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July 6, 2009

Castleton Festival on Lorin Maazel's Virginia estate opens with compelling 'Turn of the Screw'

Castleton FestivalCastleton Farms, the 550-acre Virginia estate of celebrated conductor Lorin Maazel, is sort of like Michael Jackson’s Neverland, without the tackiness. In addition to the stately manor house, the well-manicured grounds include an intimate theater, a pool house, lakes (one of them where a group of ostriches and at least one swan hang out), and a zoo that boasts a camel, a zebra, a “zonkey,” pigs, goats and llamas. It’s all very cool, classy, and very welcoming.

The opening weekend of the 2009 Castleton Festival included an open house on the Fourth of July, when the public was invited to roam about freely (you wouldn’t believe the snazzy portable toilets that were brought in for the visitors); take tours of the house where Maazel and his wife, actress Dietlinde Turban-Maazel, live part of the year; and attend a production of Britten’s The Turn of the Screw, the first of the festival's four Britten stage pieces this summer (only the opera had an admission price).

The festival is a project of the Castleton Foundation, which the Maazels established in 1997 to ...

mentor young artists. Up-and-coming singers, instrumentalists and conductors -- something like 200 in all -- are gaining valuable training and experience, while folks living in the area or willing to make the drive (it took 2 hours and 15 minutes each way on Saturday from north Baltimore) get to enjoy the artistic results. The festival will include orchestral concerts later on, featuring members of the New York Philharmonic, where Maazel just finished up his tenure as music director with an unusually broad-paced, ultimately enriching performance of Mahler’s Eighth.

Castleton FestivalA few years ago, Maazel led The Turn of the Screw, his first performance of a Britten stage work, as part of the summer mentoring program. That staging, unveiled in the Theater House at Castleton, was subsequently presented at the Kennedy Center. The new production would be deserving of exposure elsewhere as well.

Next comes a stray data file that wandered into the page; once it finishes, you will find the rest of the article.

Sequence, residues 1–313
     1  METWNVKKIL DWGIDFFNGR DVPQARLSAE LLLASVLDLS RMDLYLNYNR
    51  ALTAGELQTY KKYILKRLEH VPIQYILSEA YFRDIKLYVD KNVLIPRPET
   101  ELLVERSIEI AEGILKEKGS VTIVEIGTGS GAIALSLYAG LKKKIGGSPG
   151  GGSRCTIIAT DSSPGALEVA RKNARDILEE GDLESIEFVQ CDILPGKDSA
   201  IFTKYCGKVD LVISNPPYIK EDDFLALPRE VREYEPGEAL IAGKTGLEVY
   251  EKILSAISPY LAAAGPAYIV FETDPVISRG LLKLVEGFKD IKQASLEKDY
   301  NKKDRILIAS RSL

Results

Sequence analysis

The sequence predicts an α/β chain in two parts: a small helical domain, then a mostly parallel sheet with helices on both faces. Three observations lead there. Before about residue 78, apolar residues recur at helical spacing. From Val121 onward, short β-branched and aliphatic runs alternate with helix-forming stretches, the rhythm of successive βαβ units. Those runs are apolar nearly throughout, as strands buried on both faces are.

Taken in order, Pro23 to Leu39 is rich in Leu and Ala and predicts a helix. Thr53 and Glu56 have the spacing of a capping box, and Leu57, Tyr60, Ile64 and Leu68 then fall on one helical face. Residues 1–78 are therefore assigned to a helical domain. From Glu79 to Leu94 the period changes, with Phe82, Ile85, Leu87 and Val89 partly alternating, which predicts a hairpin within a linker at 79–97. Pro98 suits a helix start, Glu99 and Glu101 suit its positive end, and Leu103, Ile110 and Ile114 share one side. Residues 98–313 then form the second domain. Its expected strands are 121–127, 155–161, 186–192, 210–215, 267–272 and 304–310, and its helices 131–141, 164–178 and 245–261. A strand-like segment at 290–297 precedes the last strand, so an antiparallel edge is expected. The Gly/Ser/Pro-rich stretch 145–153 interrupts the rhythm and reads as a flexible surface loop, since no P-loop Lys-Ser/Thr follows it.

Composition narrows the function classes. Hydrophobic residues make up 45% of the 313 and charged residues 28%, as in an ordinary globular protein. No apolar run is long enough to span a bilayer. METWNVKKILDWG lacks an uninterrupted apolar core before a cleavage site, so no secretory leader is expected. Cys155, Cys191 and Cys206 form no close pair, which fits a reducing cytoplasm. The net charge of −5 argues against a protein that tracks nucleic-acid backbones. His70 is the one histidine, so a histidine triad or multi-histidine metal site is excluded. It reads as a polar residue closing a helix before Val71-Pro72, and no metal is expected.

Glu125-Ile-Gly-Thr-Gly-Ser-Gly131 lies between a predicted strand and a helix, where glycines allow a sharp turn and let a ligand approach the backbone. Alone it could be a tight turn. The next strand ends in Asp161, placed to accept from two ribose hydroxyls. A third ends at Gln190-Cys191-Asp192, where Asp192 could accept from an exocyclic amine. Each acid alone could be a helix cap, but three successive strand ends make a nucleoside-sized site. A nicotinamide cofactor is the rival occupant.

Saturday afternoon’s performance boasted a uniformly dynamic cast, superb playing by students from London’s Royal College of Music, taut and involving direction by William Kerley, and typically masterful conducting by Maazel. Nicholas Vaughan’s stark, yet evocative, sets and costumes were a significant asset. Same for Rie Ono’s lighting (the way she illuminated the fateful, sealed letter in the second act was especially fine).

Attending an opera in this warm, wood-filled theater, which seats only 130 on six rows on the main floor and a small balcony, automatically means an extra level of involvement in the music and drama. On Saturday, there was very little distance separating opera-goers from the performers, who often moved onto a lip of the stage that extended beyond the cozy orchestra pit, and, in the case of the two ghosts in the work, sometimes appeared right alongside unsuspecting patrons. This in-your-face element was ideal for such a tense, fast-moving piece as The Turn of the Screw.

Charlotte Dobbs was a persuasive Governess, her growing fear and concern registering with telling force. She revealed a silvery soprano and considerable expressive nuance (her fast vibrato seemed doubly appropriate, given the plot). Steven Ebel made a particularly strong impression as Quint, and not just for the way he managed to sing so vividly while practically hanging by a thread over the balcony in his first scene. Throughout, the tenor produced a honeyed tone and negotiated even the most florid lines with admirable smoothness. He conveyed the curious attractiveness and hideous insinuations of the spectral character in compelling fashion.